Science (New York, N.Y.). 2015 Aug 28;349(6251):. doi: 10.1126/science.aab3500

    Super-resolution fluorescence microscopy is distinct among nanoscale imaging tools in its ability to image protein dynamics in living cells. Structured illumination microscopy (SIM) stands out in this regard because of its high speed and low illumination intensities, but typically offers only a twofold resolution gain. We extended the resolution of live-cell SIM through two approaches: ultrahigh numerical aperture SIM at 84-nanometer lateral resolution for more than 100 multicolor frames, and nonlinear SIM with patterned activation at 45- to 62-nanometer resolution for approximately 20 to 40 frames. We applied these approaches to image dynamics near the plasma membrane of spatially resolved assemblies of clathrin and caveolin, Rab5a in early endosomes, and α-actinin, often in relationship to cortical actin. In addition, we examined mitochondria, actin, and the Golgi apparatus dynamics in three dimensions.

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    06/18/15 | Single molecules, cells, and super-resolution optics (Nobel Lecture).
    Betzig E
    Angewandte Chemie (International Edition in English). 2015 Jun 18:. doi: 10.1002/anie.201501003

    The resolution of a microscope is determined by the diffraction limit in classical microscopy, whereby objects that are separated by half a wavelength can no longer be visually separated. To go below the diffraction limit required several tricks and discoveries. In his Nobel Lecture, E. Betzig describes the developments that have led to modern super high-resolution microscopy.

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    06/15/15 | Direct wavefront sensing for high-resolution in vivo imaging in scattering tissue.
    Wang K, Sun W, Richie CT, Harvey BK, Betzig E, Ji N
    Nature Communications. 2015-Jun-15;6:7276. doi: 10.1038/ncomms8276

    Adaptive optics by direct imaging of the wavefront distortions of a laser-induced guide star has long been used in astronomy, and more recently in microscopy to compensate for aberrations in transparent specimens. Here we extend this approach to tissues that strongly scatter visible light by exploiting the reduced scattering of near-infrared guide stars. The method enables in vivo two-photon morphological and functional imaging down to 700 μm inside the mouse brain.

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    06/01/15 | High-resolution live imaging reveals axon-glia interactions during peripheral nerve injury and repair in zebrafish.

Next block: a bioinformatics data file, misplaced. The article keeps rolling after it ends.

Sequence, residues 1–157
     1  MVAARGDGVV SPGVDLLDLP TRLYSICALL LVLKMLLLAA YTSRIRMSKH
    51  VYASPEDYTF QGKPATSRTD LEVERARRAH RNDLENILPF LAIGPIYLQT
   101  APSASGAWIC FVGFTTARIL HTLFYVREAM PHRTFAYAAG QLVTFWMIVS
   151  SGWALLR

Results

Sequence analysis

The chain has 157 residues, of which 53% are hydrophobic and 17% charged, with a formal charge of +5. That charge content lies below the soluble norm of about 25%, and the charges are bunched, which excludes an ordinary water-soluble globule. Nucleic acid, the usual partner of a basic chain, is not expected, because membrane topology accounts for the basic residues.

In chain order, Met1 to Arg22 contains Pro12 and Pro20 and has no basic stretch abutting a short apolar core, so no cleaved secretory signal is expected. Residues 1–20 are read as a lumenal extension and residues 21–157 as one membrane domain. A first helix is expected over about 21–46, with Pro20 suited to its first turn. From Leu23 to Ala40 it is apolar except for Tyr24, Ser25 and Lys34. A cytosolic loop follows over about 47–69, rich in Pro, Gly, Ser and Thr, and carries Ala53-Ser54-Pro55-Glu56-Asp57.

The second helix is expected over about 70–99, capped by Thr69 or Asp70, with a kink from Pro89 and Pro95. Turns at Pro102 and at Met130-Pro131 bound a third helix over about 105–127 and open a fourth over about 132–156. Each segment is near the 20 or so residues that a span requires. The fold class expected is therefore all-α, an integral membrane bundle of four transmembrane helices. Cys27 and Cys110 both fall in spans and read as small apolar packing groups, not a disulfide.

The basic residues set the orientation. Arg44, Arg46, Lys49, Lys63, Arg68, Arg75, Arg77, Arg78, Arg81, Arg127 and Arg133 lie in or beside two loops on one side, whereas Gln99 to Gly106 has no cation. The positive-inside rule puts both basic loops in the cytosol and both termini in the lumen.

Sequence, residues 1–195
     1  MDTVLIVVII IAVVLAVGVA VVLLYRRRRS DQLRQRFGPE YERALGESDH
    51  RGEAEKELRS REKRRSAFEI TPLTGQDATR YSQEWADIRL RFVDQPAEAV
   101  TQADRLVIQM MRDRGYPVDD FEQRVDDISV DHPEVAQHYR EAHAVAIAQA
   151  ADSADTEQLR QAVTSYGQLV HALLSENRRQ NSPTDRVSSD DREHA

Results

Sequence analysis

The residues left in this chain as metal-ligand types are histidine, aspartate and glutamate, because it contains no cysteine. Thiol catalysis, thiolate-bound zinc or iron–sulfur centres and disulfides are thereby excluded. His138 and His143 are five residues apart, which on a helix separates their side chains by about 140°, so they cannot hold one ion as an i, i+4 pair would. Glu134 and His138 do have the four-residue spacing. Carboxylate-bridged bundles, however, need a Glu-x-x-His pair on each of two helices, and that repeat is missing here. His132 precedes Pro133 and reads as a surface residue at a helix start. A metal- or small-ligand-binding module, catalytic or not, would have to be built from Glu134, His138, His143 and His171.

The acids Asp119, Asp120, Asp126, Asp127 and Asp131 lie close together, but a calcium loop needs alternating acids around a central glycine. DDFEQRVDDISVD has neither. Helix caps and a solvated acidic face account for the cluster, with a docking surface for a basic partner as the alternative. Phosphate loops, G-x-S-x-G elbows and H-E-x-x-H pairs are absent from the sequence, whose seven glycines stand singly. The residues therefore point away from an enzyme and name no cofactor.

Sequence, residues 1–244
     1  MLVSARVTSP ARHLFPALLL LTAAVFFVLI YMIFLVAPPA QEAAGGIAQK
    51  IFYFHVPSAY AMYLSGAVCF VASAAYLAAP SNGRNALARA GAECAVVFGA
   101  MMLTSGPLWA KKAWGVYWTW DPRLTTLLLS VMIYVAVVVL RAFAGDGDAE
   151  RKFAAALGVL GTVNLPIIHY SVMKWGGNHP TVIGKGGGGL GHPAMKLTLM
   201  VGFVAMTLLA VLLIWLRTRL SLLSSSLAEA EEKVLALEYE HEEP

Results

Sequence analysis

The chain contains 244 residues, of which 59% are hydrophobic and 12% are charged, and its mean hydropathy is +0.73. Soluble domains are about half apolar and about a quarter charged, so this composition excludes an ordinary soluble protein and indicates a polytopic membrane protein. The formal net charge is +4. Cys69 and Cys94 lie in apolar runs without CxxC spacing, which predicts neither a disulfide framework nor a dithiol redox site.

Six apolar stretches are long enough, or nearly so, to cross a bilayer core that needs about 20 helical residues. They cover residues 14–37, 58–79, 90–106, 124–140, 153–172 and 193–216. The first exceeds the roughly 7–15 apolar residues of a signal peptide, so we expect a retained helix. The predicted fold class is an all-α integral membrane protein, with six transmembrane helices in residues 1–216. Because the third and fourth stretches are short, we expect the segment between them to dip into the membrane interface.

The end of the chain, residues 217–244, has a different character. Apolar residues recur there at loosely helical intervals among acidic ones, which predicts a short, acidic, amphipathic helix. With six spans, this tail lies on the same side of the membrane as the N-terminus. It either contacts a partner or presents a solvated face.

Xiao Y, Faucherre A, Pola-Morell L, Heddleston JM, Liu T, Chew T, Sato F, Sehara-Fujisawa A, Kawakami K, López-Schier H
    Disease Models & Mechanisms. 2015 Jun 1;8(6):553-64. doi: 10.1242/dmm.018184

    Neural damage is a devastating outcome of physical trauma. The glia are one of the main effectors of neuronal repair in the nervous system, but the dynamic interactions between peripheral neurons and Schwann cells during injury and regeneration remain incompletely characterized. Here, we combine laser microsurgery, genetic analysis, high-resolution intravital imaging and lattice light-sheet microscopy to study the interaction between Schwann cells and sensory neurons in a zebrafish model of neurotrauma. We found that chronic denervation by neuronal ablation leads to Schwann-cell death, whereas acute denervation by axonal severing does not affect the overall complexity and architecture of the glia. Neuronal-circuit regeneration begins when Schwann cells extend bridging processes to close the injury gap. Regenerating axons grow faster and directionally after the physiological clearing of distal debris by the Schwann cells. This might facilitate circuit repair by ensuring that axons are guided through unoccupied spaces within bands of Büngner towards their original peripheral target. Accordingly, in the absence of Schwann cells, regenerating axons are misrouted, impairing the re-innervation of sensory organs. Our results indicate that regenerating axons use haptotaxis as a directional cue during the reconstitution of a neural circuit. These findings have implications for therapies aimed at neurorepair, which will benefit from preserving the architecture of the peripheral glia during periods of denervation.